Icelandic ‘Sister’ who believes in the power of women in finance

Halla Tómasdóttir is uncompromising about the root causes of the economic crisis

Halla Tómasdóttir is a rare creature on a number of fronts: she is a woman working in the very senior levels of finance, she is a financial professional who believes in pursuing sustainability as much as profit and, to top it off, she is Icelandic.

With a population of just 323,000, the volcanic Nordic island was historically seen as a low-key global player, until its overly ambitious banking sector staged a spectacular and headline-grabbing collapse in 2008, quickly taking the economy with it.

Tómasdóttir was heavily engaged in finance in Iceland at the time, having established investment firm Audur Capital with colleague Kristin Pétursdóttir just one year previously.

Unusually, the firm’s ethos was rooted in femininity: Tómasdóttir and Pétursdóttir had known each other from a women’s network at Reykjavík University and, meeting again in 2007, had found they were dissatisfied with working according to “other people’s values” in their respective jobs.


The meeting of minds led to Tómasdóttir saying goodbye to her chief executive job at the Iceland chamber of commerce and led to the creation of Audur, named after a Viking heroine. The company attracted a good deal of positive publicity at the time, helped along by establishing a fund in conjunction with famous Icelandic musical export, Björk. Tómasdóttir, who is in Dublin for a launch with the National Women's Council of Ireland, has said in the past that she felt "a bit overwhelmed with testosterone" and "sameness" in financial services at the time of Audur's establishment.

In a well-received Ted talk (as part of the Ideas Worth Spreading conferences for the Sapling Foundation) in 2010, a very polished and effective Tómasdóttir spoke of the decision to incorporate feminine values with a career in finance as being "almost like coming out of the closet".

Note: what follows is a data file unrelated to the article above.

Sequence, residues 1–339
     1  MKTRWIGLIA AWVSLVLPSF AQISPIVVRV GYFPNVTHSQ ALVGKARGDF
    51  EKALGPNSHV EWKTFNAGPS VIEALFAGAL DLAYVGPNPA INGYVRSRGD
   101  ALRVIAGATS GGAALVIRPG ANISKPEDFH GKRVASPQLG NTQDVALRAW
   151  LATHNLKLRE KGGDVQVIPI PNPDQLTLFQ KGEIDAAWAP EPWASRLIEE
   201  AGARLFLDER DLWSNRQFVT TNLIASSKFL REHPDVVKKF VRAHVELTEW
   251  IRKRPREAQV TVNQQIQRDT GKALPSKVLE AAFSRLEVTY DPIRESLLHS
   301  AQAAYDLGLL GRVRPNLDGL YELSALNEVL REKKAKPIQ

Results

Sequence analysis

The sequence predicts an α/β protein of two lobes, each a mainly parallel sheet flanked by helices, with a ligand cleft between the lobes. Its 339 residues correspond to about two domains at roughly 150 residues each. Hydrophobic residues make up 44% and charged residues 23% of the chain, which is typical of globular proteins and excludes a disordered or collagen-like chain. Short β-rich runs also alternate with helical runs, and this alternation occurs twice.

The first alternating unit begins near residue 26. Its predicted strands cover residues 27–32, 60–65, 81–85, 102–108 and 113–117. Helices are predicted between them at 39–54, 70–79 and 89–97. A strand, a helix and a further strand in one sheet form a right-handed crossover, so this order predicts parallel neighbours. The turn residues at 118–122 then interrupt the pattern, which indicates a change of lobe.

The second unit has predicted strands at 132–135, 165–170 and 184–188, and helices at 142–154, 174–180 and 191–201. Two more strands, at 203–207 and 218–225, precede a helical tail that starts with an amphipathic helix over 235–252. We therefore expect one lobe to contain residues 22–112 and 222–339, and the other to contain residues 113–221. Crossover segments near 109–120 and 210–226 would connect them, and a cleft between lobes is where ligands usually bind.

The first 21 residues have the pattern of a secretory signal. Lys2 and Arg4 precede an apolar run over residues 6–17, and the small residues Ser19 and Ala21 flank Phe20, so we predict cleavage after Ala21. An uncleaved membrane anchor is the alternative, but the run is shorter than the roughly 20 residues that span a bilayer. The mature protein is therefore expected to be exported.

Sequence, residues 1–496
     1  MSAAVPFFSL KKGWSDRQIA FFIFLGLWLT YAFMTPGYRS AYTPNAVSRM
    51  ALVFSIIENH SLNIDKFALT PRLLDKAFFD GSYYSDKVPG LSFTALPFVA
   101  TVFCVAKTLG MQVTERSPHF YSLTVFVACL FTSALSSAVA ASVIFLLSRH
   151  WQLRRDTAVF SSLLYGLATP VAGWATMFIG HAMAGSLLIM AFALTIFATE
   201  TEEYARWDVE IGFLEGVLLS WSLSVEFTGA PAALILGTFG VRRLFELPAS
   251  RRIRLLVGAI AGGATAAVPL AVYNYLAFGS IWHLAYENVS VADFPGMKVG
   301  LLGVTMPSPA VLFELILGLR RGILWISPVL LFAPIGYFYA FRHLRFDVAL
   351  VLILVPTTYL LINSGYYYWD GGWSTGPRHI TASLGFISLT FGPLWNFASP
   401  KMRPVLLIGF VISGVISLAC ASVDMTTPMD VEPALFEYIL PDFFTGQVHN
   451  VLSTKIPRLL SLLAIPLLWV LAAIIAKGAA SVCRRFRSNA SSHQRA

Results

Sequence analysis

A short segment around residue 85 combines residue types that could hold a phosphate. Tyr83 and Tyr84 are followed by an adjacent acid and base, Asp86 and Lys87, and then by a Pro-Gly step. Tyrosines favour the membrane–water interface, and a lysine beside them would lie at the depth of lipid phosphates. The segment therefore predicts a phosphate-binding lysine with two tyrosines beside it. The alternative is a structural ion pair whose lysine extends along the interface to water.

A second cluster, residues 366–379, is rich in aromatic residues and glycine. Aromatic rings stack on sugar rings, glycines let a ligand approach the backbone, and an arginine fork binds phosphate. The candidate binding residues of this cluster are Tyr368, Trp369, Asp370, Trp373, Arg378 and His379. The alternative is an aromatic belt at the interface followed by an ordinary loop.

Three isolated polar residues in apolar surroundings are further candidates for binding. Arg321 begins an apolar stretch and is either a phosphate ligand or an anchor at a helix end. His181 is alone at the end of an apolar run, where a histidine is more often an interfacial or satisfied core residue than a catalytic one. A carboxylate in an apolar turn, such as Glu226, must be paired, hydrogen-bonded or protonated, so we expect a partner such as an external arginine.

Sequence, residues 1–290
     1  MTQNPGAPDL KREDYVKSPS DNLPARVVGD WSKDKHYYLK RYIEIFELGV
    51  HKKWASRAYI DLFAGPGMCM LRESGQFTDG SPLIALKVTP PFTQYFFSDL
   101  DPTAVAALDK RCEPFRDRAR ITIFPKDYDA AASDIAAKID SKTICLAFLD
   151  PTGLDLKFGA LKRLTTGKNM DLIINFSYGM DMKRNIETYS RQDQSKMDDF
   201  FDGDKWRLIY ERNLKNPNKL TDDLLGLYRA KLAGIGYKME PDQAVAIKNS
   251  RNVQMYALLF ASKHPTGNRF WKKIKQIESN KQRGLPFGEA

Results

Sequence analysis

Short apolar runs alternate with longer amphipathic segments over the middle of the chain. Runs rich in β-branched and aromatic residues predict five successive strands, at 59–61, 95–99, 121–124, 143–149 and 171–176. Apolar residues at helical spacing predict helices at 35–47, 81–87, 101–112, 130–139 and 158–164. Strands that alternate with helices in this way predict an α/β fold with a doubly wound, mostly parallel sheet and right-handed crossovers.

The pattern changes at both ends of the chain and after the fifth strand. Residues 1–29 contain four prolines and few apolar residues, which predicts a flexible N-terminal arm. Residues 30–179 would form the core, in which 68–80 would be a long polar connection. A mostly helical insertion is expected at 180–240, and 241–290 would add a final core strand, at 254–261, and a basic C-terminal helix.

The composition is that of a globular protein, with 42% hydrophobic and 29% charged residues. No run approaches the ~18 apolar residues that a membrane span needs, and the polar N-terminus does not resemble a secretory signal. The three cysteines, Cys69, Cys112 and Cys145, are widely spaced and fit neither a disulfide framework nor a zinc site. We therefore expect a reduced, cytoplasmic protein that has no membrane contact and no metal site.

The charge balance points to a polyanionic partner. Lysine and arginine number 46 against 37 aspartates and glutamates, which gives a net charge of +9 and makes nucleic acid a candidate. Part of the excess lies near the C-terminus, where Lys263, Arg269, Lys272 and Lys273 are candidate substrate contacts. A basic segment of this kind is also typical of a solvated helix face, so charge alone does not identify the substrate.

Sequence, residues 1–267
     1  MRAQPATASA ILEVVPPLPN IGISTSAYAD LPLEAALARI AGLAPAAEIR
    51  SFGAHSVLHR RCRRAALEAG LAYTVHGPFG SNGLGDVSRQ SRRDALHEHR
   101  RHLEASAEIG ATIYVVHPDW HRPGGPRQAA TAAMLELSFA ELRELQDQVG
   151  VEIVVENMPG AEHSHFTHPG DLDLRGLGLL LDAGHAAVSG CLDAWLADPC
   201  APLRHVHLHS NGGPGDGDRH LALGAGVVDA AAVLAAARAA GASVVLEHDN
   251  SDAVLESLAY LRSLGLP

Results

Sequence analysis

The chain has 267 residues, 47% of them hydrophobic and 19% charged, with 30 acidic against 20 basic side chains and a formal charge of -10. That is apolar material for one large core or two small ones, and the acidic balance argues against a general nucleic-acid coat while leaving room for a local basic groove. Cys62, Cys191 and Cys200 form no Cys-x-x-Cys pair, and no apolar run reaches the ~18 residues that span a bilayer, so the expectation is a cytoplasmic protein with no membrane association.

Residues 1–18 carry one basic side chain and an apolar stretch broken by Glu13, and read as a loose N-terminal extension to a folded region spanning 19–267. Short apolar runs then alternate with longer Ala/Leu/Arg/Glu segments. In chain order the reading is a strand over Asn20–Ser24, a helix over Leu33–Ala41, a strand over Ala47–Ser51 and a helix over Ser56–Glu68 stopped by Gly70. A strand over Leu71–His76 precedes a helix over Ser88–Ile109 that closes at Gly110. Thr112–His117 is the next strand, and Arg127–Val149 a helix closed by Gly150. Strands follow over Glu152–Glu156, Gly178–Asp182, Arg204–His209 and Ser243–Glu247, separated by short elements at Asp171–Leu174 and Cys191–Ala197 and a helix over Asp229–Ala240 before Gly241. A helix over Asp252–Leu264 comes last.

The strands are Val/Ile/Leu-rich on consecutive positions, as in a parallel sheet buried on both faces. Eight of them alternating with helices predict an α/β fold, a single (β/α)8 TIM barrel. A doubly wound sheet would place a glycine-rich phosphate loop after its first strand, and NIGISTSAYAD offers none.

Audur advocated risk-awareness rather than pure risk-taking in investments and emphasised the importance of placing value on emotional capital, rather than pure financial capital, because “people make and lose money, not Excel spreadsheets”.

In the event, Audur stood out among its Icelandic peers by making it through the country’s financial meltdown without direct costs to itself or its portfolio, but the aftermath of the crisis did have its impact. The capital controls that Iceland introduced in 2008 to prevent outflows of domestic holdings in its banks also resulted in limiting the international ambitions of anybody still standing in the financial community.

Tómasdóttir says "it got to a point" where her agenda and her drive to be international could no longer be satisfied under Icelandic rules, so she parted company with Audur in 2013 as the firm was merged with another domestic entity. She left and went to Copenhagen, and the establishment of private equity firm Sisters Capital was the next step.